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Babocomari River Riparian Protection ProjectAuthor(s): Dan Robinett; Linda Kennedy
Source: In: Gottfried, Gerald J.; Ffolliott, Peter F.; Gebow, Brooke S.; Eskew, Lane G.; Collins, Loa C. Merging science and management in a rapidly changing world: Biodiversity and management of the Madrean Archipelago III and 7th Conference on Research and Resource Management in the Southwestern Deserts; 2012 May 1-5; Tucson, AZ. Proceedings. RMRS-P-67. Fort Collins, CO: U.S. Department of Agriculture, Forest Service, Rocky Mountain Research Station. p. 490-492.
Publication Series: Proceedings (P)
Station: Rocky Mountain Research Station
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DescriptionThe Babocomari River is a major tributary of the San Pedro River in Santa Cruz and Cochise counties, Arizona. This 140,000 acre catchment includes rolling grasslands on the Sonoita plain, oak woodlands in the Canelo Hills and the pine-oak forests of the northwestern Huachuca Mountains. The Babocomari River runs for 22 miles from its headwaters near Sonoita at 5000 feet elevation, eastward to join the San Pedro at Fairbanks at an elevation of 3850 feet. The U.S. Geological Survey estimates that this important tributary contributes about 6000 acre- feet of water annually to the San Pedro River system. The Arizona Department of Water Resources funded this 5-year study with a grant (09-164WPF) in 2009. Monitoring transects were installed in 2009 and 2010 and will be re-read each year through 2013. Objectives: Construct 2 miles of riparian boundary fence to restrict access by livestock from the Babocomari River. Install six stream riparian vegetation and geomorphic monitoring transects and six vegetation and geomorphic transects on riparian grasslands (sacaton) on tributaries to the Babocomari River. Analyze and summarize data annually and present that information to the participating ranch properties for use in making management decisions. Riparian monitoring stations were established in May of 2010 at three locations along the Babocomari River below the Babocomari Ranch (BR) headquarters and at three locations in June of 2010 on the Appleton-Whittell Research Ranch (ARR) of the National Audubon Society. These riparian monitoring transects were re-read in June of 2011. Riparian grasslands include large bottomlands of giant sacaton (Sporobolus Wrightii Monro ex Scribn) on both the BR and the ARR. Riparian grassland monitoring stations (three on each property) were established in the fall of 2009, re-read in 2010 and 2011. In addition to this monitoring effort the Babocomari Ranch has begun to protect private lands along the Babocomari River by selling development rights and placing conservation easements on the land. The land on the Research Ranch is already protected from development.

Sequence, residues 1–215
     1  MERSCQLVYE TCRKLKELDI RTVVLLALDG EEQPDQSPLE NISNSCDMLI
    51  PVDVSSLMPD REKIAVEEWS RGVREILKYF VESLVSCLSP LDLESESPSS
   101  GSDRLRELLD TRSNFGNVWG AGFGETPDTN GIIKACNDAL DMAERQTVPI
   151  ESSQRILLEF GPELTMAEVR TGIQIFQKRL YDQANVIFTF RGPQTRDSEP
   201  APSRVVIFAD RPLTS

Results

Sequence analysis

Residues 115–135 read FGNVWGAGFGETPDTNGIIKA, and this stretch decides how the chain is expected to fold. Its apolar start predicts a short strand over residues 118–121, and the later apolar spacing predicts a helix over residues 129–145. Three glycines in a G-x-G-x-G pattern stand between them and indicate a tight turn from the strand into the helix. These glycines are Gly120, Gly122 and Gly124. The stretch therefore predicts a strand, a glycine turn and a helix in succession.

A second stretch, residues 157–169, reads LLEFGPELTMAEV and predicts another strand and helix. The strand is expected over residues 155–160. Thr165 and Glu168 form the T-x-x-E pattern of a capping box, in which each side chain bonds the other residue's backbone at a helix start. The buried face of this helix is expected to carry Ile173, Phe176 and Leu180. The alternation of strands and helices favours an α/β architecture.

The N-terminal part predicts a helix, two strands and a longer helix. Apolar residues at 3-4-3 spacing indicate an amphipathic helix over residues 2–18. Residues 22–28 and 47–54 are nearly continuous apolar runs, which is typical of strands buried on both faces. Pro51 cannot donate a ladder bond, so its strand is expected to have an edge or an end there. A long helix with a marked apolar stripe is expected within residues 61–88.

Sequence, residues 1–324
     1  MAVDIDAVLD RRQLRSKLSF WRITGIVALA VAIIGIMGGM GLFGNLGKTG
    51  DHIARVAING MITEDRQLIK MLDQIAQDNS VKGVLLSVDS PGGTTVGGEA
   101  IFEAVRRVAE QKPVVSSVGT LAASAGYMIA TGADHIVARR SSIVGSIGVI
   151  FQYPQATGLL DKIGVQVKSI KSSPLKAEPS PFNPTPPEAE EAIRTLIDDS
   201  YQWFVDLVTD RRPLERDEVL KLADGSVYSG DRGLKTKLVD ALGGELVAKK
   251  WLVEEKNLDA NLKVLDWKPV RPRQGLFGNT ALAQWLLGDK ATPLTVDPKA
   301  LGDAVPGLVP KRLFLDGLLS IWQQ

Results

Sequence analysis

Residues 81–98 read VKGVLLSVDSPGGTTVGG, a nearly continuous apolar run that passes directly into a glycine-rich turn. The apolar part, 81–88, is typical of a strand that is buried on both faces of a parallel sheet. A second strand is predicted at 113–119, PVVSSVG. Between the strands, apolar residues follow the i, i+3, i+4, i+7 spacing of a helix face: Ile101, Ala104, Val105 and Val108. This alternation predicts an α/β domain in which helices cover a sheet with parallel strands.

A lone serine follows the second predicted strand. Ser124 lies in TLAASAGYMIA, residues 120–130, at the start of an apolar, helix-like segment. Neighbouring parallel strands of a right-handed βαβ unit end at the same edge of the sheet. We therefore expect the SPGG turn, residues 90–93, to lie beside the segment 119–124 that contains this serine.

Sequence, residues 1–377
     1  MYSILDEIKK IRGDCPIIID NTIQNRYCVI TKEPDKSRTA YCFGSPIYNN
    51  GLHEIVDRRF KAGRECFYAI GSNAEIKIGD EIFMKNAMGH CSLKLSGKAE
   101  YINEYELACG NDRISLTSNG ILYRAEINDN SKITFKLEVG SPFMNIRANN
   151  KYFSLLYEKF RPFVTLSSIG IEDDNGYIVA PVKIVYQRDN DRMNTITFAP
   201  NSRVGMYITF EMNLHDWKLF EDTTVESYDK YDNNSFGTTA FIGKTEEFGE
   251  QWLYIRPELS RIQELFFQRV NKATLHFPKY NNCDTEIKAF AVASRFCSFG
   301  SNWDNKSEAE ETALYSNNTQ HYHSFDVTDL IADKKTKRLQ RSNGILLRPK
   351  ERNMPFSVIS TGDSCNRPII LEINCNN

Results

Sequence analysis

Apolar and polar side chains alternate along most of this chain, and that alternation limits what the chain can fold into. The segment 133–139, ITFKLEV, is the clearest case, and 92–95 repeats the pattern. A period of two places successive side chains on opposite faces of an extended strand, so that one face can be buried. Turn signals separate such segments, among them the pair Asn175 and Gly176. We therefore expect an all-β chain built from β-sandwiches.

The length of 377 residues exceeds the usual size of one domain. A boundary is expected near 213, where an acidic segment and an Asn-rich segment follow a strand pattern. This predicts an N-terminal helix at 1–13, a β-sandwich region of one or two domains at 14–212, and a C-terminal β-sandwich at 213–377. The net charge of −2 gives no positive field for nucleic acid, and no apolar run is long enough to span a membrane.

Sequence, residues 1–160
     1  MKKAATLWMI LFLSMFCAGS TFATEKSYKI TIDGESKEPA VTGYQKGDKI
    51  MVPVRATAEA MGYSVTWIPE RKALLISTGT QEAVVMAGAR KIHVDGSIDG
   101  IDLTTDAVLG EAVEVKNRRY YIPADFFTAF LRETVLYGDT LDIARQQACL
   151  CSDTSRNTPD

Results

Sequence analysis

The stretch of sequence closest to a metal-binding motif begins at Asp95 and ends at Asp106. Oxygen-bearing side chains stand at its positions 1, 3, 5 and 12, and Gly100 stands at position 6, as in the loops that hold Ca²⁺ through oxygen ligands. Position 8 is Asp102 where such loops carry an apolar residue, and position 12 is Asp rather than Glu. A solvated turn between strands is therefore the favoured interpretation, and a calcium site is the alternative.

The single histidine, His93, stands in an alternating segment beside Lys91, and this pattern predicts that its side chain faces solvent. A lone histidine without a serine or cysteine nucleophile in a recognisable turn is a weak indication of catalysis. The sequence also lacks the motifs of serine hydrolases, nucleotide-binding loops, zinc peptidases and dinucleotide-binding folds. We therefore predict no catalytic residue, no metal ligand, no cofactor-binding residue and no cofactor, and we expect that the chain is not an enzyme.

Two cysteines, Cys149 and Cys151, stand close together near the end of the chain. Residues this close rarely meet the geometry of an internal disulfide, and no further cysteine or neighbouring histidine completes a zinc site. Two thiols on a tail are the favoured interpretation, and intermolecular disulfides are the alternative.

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CitationRobinett, Dan; Kennedy, Linda. 2013. Babocomari River Riparian Protection Project. In: Gottfried, Gerald J.; Ffolliott, Peter F.; Gebow, Brooke S.; Eskew, Lane G.; Collins, Loa C. Merging science and management in a rapidly changing world: Biodiversity and management of the Madrean Archipelago III and 7th Conference on Research and Resource Management in the Southwestern Deserts; 2012 May 1-5; Tucson, AZ. Proceedings. RMRS-P-67. Fort Collins, CO: U.S. Department of Agriculture, Forest Service, Rocky Mountain Research Station. p. 490-492.
KeywordsMadrean Archipelago, Sky Islands, southwestern United States, northern Mexico, natural environment, fauna, flora, research, management, biodiversity, climate change
- Sacaton riparian grasslands of the Sky Islands: Mapping distribution and ecological condition using state-and-transition models in Upper Cienega Creek Watershed
- Climate mitigation potential of the San Pedro River riparian zone
- Agricultural field reclamation utilizing native grass crop production
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